4. model of sales remuneration One or the other IORP sales company or IORP business consultant offers its partners, including independent financial service providers, a sales partner remuneration. This compensation allows the sales partner to participate in the payments of the end customer/entrepreneur etc. for “expert opinions on pension commitments” or “examination of the social security status”. The expertises and/or examinations provide a ?firm coworker? and/or lawyer as co-operation partners. The only stupid thing about this model is that the commissioned lawyer is not allowed to give away any part of his fee, neither directly nor indirectly via an intermediary bAV distributor. This applies even if the lawyer concludes his own contract with the client.
5. model of tax consultant remuneration The following particularly nice model has been devised by a bAV distributor: The distribution partner or financial service provider concludes a contract with the tax consultant. The tax consultant is promised an hourly remuneration: “The prerequisite for this is that the financial service provider receives remuneration/commissions from brokered business”. Some honorary professional generates a substantial conversion in co-operation with Finanzdienstleistern ? however a success remuneration under this ?condition? of the Verprovisionsierung is forbidden to the honorary professional. In practice, there are also said to be wives who like to hold out their hand when the opportunity arises ? not infrequently via a legally registered trade. The StB himself is not allowed to run a business ? i.e. he is also not allowed to act as a tip-giver on a success basis, because this would jeopardise his own licence.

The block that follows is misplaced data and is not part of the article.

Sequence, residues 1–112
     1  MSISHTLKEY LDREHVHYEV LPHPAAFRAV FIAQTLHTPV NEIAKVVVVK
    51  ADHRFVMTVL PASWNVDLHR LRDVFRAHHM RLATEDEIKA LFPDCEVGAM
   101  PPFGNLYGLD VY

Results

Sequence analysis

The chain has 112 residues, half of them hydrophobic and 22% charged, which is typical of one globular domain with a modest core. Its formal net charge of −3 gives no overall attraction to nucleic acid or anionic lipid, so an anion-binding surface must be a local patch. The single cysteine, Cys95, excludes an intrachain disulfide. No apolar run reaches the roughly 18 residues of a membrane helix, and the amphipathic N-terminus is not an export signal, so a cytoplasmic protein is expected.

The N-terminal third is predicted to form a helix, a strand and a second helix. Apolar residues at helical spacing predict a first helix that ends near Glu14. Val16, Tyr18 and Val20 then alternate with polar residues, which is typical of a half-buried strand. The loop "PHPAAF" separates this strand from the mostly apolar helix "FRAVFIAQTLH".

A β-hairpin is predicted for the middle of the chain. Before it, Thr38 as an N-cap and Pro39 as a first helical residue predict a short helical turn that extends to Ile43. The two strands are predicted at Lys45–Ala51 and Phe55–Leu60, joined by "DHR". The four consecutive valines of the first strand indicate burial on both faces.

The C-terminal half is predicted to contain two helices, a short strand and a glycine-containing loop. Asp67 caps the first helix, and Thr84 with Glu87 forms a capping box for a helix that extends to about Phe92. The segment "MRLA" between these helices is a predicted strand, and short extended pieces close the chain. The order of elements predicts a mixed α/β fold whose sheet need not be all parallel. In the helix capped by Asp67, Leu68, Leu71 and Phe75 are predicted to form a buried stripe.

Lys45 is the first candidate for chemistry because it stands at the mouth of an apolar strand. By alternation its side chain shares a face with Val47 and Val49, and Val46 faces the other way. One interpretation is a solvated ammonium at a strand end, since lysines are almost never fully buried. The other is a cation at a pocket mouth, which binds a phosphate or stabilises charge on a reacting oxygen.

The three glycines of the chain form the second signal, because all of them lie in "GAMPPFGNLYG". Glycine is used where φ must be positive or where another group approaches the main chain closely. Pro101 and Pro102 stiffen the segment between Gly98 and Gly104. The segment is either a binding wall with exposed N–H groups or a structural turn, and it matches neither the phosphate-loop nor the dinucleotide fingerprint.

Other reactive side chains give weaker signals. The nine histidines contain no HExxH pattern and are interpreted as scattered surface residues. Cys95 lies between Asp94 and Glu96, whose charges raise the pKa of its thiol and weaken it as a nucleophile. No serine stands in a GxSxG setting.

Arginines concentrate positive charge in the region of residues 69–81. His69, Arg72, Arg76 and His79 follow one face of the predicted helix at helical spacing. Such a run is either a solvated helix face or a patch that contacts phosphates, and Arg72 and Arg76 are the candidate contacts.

6. model of cooperation It can be permissible and sensible if the “management consultant-bAV” for business management and financial advice works as an employee of a tax firm. In this case, the usual hourly rates are agreed ? no commission is paid.
7. model of cooperation The topic of occupational pension consulting touches on a wide range of disciplines. The clear separation of tasks and responsibilities often does not mean a ?solution of all bAV problems by one single provider? There is still a legal opinion that the financial service provider is not responsible for the tasks and responsibilities of a single provider. Johannes Fiala, lawyer (Munich), M.B.A. (Univ.Wales), M.M. (Univ.), certified financial and investment advisor (A.F.A.), EC expert (C.I.F.E.), banker (www.fiala.de )
Legal advice prohibited. In terms of the seal, the honorary professional is not permitted to work for the purpose of earning a commission from financial brokerage. Cooperation is required.
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Dr. Johannes Fiala has been working for more than 25 years as a lawyer and attorney with his own law firm in Munich. He is intensively involved in real estate, financial law, tax and insurance law. The numerous stages of his professional career enable him to provide his clients with comprehensive advice and to act as a lawyer in the event of disputes.